About

The Team

Light Collective

Light Collective consists of Sharon Stammers and Martin Lupton who have both been involved in the lighting industry for over 20 years. Based in the UK and essentially architectural lighting designers, their portfolio of work has diversified in many different directions – light activism being one of them.

 

Sharon Stammers

“Having been involved in lighting design from the very beginning, women have had a greater role in shaping the lighting design profession than in architecture and engineering. The lighting design profession is a supportive industry for women and the many routes into the profession offer opportunities from a diverse set of backgrounds. It is an industry that is good at sharing information amongst its community and can therefore offer support to other women who may need it. We want to encourage women to choose to work in lighting or other related jobs.”

Sharon Stammers, Light Collective
Martin Lupton

“We started this project to try and make a difference. Although women make up at least 50% of the lighting design profession, you only have to look at the number of women speaking at major conferences, acting as judges in awards, being asked as keynotes and serving on editorial boards to realise that the profile of women is significantly lower than men. We want to change this.”

Martin Lupton, Light Collective
Forma Family

formalighting

The project launch is being supported by formalighting, a family owned Italian lighting designer and manufacturer with over 50 years and 2 generations dedicated to architectural lighting. Light Collective approached formalighting with this project as they are a company with a strong inspirational woman in a lead role – Sharon Maghnagi, based in their Hong Kong headquarters.

Katia Kolovea

Katia Kolovea

Katia Kolovea is a young passionate lighting designer. After the completion of her studies in Greece, Spain and Sweden, she moved to London where she is working as a lighting designer at Urban Electric. Her excitement about light and people led her to create her personal online project archifos. She loves public speaking, sharing ideas and collaborating in exciting projects and events to raise awareness for the lighting design profession.

Interesting Reads

A History of WILD Women: Video of presentation at LEDucation 2019 by Women in Lighting + Design // YouTube // 8 Mar 2019

Leading ladies of lighting design // lightform // Last accessed 8 Mar 2019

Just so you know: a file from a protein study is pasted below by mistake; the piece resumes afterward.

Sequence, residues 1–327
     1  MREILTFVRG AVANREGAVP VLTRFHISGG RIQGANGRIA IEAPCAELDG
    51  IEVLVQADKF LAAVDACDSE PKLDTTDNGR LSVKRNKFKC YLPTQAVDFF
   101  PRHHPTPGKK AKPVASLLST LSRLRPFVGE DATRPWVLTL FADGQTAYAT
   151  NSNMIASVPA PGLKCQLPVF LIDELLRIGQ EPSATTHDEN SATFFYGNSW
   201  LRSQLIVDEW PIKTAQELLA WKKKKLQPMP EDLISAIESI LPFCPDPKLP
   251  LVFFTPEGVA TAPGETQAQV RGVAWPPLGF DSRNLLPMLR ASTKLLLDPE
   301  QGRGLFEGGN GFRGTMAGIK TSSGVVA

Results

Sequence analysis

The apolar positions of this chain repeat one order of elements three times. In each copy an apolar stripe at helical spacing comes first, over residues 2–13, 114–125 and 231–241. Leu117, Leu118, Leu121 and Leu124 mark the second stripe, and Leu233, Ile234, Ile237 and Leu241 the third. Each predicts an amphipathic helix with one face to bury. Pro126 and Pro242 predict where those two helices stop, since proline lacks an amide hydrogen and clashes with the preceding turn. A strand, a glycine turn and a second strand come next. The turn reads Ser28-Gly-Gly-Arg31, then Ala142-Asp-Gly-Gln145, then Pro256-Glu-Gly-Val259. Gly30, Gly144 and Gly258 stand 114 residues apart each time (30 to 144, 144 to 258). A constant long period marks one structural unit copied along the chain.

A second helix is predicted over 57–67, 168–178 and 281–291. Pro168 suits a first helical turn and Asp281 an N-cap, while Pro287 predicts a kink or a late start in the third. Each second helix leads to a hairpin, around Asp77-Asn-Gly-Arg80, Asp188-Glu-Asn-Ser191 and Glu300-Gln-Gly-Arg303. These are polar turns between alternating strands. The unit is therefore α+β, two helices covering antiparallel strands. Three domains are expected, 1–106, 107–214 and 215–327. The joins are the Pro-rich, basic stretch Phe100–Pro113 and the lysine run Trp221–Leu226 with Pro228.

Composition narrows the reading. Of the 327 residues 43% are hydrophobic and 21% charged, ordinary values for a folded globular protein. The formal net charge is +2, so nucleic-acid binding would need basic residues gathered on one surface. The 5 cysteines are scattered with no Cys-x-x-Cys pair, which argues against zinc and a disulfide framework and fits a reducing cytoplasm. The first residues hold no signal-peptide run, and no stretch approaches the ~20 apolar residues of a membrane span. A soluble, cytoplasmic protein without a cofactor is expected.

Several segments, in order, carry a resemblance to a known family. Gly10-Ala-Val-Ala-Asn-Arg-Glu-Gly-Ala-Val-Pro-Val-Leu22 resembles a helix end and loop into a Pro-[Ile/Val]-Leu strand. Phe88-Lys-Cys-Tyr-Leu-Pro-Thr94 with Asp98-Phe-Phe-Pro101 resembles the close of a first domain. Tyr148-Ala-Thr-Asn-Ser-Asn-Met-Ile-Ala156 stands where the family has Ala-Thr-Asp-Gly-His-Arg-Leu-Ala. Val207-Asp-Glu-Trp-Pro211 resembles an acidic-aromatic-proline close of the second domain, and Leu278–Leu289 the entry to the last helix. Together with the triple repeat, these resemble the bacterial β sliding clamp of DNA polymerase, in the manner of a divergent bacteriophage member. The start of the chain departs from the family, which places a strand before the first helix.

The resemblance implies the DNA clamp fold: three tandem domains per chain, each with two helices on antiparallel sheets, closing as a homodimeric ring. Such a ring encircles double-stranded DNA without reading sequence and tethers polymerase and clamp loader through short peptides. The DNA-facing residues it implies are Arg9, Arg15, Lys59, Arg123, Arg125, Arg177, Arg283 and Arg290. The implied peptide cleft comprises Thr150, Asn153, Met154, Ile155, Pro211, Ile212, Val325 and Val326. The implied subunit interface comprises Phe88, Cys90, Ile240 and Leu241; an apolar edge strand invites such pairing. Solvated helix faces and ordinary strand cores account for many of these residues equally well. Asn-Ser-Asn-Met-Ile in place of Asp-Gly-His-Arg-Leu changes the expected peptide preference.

Pioneering Women of American Architecture: A collection of profiles of 50 women born before 1940 who have made important contributions to American architecture. // Last accessed 8 Mar 2019

Un Cafe con Lara: In each issue, Lara Elbaz chat with a woman Lighting Designer, to talk about her interests, concerns, hopes and motivations. In Spanish. // Last accessed 8 Mar 2019

WiBSE – Women in Building Services Engineering: The WiBSE network aims to support and encourage women joining, working, staying and progressing in the building services industry. // Last accessed 8 Mar 2019

Why Mothers Leave Design (and How to Keep Them) by Emily Klingensmith, Schuler Shook, & Lisa J Reed, Envision Lighting Design // Last accessed 8 Mar 2019

Snubbed, cheated, erased: the scandal of architecture’s invisible women by Oliver Wainwright // The Guardian // 16 Oct 2018

IET Smashing Stereotypes to Bits Campaign: Institution of Engineering and Technology launch new campaign designed to smash stereotypes associated with careers in STEM // YouTube // 21 Jun 2018

International Women’s Day 2018: Interview with Helen Diemer, President of The Lighting Practice  // 8 Mar 2018

A Conversation About Women in Lighting & Design by Lois I. Hutchinson // WestCoast Lighting Insider // 18 Jan 2018

Hidden Figures… Shadowed Illuminators? by Lisa J. Reed // Illuminating Engineering Society // 22 Aug 2017

Lack of diversity within UK's creative industries revealed by Ali Morris // Dezeen // 7 Aug 2017

Profile: Paule Constable // arc Magazine // 18 Feb 2016

Women in Lighting Design: Elizabeth Donoff examines the role of women past, present, and future // Architectural Lighting Magazine // 13 May 2008